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VIFF2006: Same Planet. Different Worlds.


At a screening of Dito Montiel's A Guide to Recognizing Your Saints late last evening, while waiting for the projectionist to spool the film in preparation for the upcoming screening, Granville 7 theatre manager Ira Hannen asked the assembled audience of about 300 for a show of hands for ...

Those who had attended more than 5 films. Almost everyone's hand went up. Next: how many had attended 10 films, or more ... about half the hands in the audience went up. More than 15, 20, 25, 30, 40 ... and so on. The average number of films audience members had attended in the Festival's first week was near 20, or some 3 films a day in the first six days.

This year, the Vancouver Sun is running a daily feature where dedicated film aficionados are asked why the Vancouver International Film Festival plays such an important role in their lives. For, in fact, there is a coterie of film-goers, numbering over 100, who each year plan their "vacation" — not to mention, their lives — around Vancouver's august 17-day Film Festival.

In recent days, while waiting in the passholders line-up, VanRamblings has spoken with film-goers who have travelled to visit the VIFF — arriving from the South Pacific ("we do this every year, and have for more than 15 years"), Seattle, Los Angeles, Toronto, northern British Columbia and northern Vancouver Island, Idaho, the southern United States, western and Eastern Europe, Japan, China and Korea, Argentina and Bolivia, and even Australia and New Zealand, and other far flung provinces across the globe.

In addition, there are an equal number of veteran passholders who have taken two weeks of their annual vacation time to coincide with the VIFF, taking time off from BC Hydro, Telus, school districts (teachers who have delayed the beginning of their school year til mid-October, as VanRamblings did for years), the provincial and federal governments, Worksafe BC, Translink, their CGA firm, and more — just so they could participate in as many screenings as possible between September 28th and October 13th.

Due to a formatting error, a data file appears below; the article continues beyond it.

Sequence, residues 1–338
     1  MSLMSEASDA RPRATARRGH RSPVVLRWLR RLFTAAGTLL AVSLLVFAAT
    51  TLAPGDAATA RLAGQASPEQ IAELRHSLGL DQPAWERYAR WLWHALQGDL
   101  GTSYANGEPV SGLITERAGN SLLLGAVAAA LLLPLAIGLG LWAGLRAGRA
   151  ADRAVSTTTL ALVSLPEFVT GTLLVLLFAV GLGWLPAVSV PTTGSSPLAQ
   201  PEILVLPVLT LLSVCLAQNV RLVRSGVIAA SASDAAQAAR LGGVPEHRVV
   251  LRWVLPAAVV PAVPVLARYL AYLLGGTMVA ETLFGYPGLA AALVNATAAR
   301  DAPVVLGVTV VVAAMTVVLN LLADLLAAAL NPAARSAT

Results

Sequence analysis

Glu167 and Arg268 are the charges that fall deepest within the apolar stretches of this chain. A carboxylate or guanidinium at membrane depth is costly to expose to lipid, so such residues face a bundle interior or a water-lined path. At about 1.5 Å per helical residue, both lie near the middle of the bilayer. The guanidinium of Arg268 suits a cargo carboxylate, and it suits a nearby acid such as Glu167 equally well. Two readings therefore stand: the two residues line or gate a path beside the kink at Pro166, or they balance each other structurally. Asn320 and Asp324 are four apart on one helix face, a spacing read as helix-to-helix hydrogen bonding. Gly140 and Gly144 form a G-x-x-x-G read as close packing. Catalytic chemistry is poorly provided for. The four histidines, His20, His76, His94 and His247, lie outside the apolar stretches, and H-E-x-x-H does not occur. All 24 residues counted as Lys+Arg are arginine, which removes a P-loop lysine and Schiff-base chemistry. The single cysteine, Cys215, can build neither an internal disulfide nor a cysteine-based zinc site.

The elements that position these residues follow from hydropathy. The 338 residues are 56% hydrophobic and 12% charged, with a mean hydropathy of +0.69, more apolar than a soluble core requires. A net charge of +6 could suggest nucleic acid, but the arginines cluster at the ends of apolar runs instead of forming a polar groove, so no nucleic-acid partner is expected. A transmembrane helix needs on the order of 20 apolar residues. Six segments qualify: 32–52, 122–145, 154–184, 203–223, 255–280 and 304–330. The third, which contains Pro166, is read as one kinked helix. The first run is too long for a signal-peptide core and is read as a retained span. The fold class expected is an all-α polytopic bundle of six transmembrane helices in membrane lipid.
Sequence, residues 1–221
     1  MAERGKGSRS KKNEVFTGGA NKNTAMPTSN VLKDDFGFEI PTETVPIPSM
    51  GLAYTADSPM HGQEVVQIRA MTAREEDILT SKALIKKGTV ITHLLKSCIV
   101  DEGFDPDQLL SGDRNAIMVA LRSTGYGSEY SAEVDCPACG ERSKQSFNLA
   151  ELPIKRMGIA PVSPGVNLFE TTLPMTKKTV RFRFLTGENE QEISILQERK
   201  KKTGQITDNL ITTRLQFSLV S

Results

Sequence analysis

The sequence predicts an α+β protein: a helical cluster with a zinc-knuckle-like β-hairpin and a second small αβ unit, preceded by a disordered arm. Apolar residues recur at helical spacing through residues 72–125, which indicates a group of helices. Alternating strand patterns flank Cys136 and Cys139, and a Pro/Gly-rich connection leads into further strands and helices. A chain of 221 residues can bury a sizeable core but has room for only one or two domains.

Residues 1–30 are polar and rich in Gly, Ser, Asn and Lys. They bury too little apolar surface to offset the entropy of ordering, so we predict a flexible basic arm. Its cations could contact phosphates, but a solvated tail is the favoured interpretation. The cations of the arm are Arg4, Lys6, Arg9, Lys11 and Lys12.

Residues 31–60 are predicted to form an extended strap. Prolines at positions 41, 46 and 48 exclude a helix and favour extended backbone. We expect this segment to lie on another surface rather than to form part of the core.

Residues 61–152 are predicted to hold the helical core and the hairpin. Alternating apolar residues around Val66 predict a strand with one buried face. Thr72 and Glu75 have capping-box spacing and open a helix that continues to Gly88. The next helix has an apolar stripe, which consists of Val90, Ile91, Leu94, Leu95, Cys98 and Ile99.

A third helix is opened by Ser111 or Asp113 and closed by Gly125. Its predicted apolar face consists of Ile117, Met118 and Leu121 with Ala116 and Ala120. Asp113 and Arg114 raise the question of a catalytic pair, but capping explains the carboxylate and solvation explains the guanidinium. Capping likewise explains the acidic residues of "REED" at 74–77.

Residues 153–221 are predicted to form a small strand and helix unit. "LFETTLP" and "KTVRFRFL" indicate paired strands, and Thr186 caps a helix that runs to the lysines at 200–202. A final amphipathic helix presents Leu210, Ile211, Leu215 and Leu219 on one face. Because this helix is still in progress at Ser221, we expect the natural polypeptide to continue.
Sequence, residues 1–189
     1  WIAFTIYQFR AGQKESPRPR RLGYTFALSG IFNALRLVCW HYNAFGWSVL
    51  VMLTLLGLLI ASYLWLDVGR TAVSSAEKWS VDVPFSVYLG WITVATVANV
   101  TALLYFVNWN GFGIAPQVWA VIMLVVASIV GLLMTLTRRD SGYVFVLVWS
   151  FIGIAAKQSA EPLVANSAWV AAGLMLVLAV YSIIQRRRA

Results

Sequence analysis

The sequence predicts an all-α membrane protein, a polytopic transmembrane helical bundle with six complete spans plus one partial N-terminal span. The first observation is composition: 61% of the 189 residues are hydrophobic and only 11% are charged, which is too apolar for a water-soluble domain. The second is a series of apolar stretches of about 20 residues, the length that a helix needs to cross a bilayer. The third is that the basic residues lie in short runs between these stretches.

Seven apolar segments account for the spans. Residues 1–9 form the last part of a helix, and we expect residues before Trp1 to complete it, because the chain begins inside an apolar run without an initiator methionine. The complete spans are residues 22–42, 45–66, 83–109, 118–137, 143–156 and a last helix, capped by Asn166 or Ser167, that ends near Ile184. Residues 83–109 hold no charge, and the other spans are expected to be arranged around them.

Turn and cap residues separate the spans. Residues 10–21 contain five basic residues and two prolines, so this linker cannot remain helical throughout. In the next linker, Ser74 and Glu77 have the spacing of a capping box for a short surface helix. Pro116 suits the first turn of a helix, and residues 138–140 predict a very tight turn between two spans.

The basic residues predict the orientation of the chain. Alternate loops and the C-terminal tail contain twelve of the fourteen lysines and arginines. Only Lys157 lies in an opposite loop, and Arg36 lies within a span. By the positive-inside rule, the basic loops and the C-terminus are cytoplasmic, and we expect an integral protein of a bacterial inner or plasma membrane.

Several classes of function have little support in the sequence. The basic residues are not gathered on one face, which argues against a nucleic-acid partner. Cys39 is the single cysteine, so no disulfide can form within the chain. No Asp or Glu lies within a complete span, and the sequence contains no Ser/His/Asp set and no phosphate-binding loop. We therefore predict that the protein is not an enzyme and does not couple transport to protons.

If the emerging theme of the 25th annual Vancouver International Film Festival is "love and connection touching on the vaster mysteries of the human spirit in contemporary global society" — as would seem to be the case, given the subject matter of the VIFF films in 2006 — the answer to the question, "Why do Vancouver film-goers attend dozens of films early October each year?" is really quite simple. Filmgoers attend the VIFF seeking a sense of connection — not just with their families or those in their immediate community — but with peoples from across our vast planet.

Where other Festivals place their focus on Hollywood celebrity and the attendant parties where "stars" may be found, or the prospect of negotiation for film distribution rights for films arriving without a distributor, the Vancouver International Film Festival is, and has always been, a film-goers Festival, where the emphasis remains on international film.

The actual and stated theme of this year's Festival (as has been the case for many years) directly references the issue of "connection": Same Planet. Different Worlds.

In providing a window on the world where the surreal and the sublime cohere to invigorating and sometimes disorienting effect, each year the Vancouver International Film Festival engages in an ongoing revolutionary act of empathetic understanding, where film-goers are made aware once again that, wherever we live across this planet of ours, the respective concerns and interests of each and every one of us remains the same: family, shelter and safe haven, physical and emotional sustenance, and adaptation to change in an often uncertain and sometimes forbidding world.

Posted by Raymond Tomlin at October 4, 2006 4:04 PM in VIFF 2006


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